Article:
I didnt mean to suggest that these aspects had not been studied before, just that they seem so far underutilized in design.

By the way, If any readers dont know it, do check out David’s ‘Geometry Junkyard’

http://www.ics.uci.edu/~eppstein/junkyard/

It has a massive collection of great links for many different geometric topics

March 17, 2009 at 2:25 pm

[…] out his medial surfaces between link components. Below is Piker’s image of the medial surface between the components […]

March 20, 2009 at 1:44 am

Here is a building that explores the conical voronoi ‘algorithm’….

http://www.minifienixon.com/doku.php?id=home:projects:victorian_college_of_the_arts

March 26, 2009 at 5:58 pm

I think this is the easier way for voronoi construction. Thanks Daniel for this post, i’ve realized one simple grashopper definition about this voronoi construction.

Regards,

davide

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http://madeincalifornia.blogspot.com/

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May 30, 2009 at 11:46 pm

hi,

nice page.

i’m in a bit of a hurry, but i’ll come back for a closer look soon. in the meantime, i’d like to ask a question.

i’m not a mathematician but i’m wanting to generate a medial axis transform (MAT) of a feature in a video frame, most likely using a Delaunay tesselation.

my goal is to implement a machine vision system to analyze the gait of an arthropod in a neuroethological investigation. ultimately i want to label the MAT with anatomical features for further analysis.

pinpoint accuracy is less important than efficiency, and i’m hoping i can find some kind of randomized parallel algorithm that i can run on a gpu, either using an embedded shading language or CUDA. i’m also wondering if perhaps i can exploit the optimized geometry processing pipeline of a consumer gfx card.

do you have any thoughts on this?

cheers

May 31, 2009 at 11:02 am

Hi Jono,

That sounds an interesting project – Its an application I wouldn’t have guessed at. Are you looking at arthropods like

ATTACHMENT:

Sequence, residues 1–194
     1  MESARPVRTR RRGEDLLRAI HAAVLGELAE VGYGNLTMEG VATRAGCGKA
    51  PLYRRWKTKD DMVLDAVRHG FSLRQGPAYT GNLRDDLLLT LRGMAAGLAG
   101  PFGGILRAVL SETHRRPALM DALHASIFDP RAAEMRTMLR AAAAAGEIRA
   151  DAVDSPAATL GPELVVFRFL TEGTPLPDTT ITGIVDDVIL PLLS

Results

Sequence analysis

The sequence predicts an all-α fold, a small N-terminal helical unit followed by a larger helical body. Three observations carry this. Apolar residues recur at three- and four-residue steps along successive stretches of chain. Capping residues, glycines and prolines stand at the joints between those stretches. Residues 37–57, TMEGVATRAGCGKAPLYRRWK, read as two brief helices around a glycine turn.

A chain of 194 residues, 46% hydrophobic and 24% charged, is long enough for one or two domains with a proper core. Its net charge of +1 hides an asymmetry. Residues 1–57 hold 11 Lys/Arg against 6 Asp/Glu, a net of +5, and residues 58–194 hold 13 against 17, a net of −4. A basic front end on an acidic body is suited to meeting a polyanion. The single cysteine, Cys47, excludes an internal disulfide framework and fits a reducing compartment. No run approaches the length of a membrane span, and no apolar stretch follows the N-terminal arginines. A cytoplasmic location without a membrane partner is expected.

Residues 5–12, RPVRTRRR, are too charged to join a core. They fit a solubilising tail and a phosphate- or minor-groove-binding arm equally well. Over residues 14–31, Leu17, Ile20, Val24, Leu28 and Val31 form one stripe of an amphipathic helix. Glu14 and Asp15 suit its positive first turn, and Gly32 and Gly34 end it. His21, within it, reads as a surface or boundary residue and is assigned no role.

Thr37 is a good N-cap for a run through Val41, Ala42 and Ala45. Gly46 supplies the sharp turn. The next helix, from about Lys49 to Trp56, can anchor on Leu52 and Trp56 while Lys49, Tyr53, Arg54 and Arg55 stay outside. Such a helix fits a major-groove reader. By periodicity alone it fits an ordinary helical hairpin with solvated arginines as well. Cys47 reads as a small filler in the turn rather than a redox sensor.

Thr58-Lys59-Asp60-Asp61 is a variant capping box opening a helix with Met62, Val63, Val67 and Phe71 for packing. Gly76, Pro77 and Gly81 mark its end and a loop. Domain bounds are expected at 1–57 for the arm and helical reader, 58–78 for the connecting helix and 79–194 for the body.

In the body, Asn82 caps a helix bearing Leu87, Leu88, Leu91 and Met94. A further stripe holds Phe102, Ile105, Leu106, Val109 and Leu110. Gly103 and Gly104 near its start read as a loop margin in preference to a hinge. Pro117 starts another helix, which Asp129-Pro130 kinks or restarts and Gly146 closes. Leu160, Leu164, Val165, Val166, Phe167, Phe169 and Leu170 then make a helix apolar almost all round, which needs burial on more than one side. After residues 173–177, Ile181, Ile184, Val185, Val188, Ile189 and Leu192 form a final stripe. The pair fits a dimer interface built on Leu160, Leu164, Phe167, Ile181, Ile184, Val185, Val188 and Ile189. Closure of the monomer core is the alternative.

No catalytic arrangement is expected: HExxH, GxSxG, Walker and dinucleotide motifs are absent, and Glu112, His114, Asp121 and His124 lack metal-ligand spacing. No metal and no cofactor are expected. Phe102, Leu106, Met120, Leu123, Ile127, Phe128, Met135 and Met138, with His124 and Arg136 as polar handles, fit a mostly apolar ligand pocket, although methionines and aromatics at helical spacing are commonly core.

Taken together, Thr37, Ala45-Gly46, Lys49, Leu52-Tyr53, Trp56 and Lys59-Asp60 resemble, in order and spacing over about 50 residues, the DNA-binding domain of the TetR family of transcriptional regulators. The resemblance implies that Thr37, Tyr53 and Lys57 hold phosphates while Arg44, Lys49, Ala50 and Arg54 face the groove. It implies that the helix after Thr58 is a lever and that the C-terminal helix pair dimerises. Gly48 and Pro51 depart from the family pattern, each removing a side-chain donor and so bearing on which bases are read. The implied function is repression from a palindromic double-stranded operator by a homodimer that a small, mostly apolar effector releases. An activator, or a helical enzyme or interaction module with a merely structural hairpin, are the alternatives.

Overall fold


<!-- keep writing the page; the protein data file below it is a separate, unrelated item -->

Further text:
this one? :)

I’m certainly no expert on these technical aspects of medial axes. Perhaps

this collection of links might be a good place to start.

Speeding things up by shifting them to the GPU is interesting too, but it sounds like you know more about this than me.

June 1, 2009 at 10:37 am

lol! thanx Daniel. that’s scary. but awesome! my study animal is a centipede, about 2cm long.

i’ve seen that page before, but there was some stuff i hadn’t seen (or maybe i missed it).

in particular, The Scale Space Skeletonization Page [cyvision.if.sc.usp.br/msskeletons], which is a very exciting discovery for me, and may be just what i’m looking for.

so thankyou. i’m still looking thru your other stuff on this blog. some of its amazing!

cheers.

October 5, 2009 at 12:18 pm

[…] I have written about earlier, this also generalises nicely to 3D […]

November 13, 2009 at 4:53 pm

hello deniel,

your medialsurface is amazing!!but GH file link is porbably dead now?? It will be great apperciated if you could fix the link or email the GH file directly to me.Thank you very much.The address:hero18wang@gmail.com

Thanks again.

November 13, 2009 at 4:59 pm

HI Daniel,

I know about you from the Grasshopper Social network at Ning.your works inspire me a lot.thank you.

May 14, 2010 at 2:00 pm

This looks really interesting, and I’d also like to take a look at the grasshopper definition, but the link doesn’t seem to work….. Either way, thanks!

January 9, 2014 at 7:57 pm

Hi Daniel,

Although I may be little outdated, but I would like to look at medialsurface.ghx definition.

Is it possible to download it somewhere?

P.S. Thanks for great work! It’s simply amazing!

October 14, 2017 at 3:37 am

*very nice post, i certainly love this website, keep on it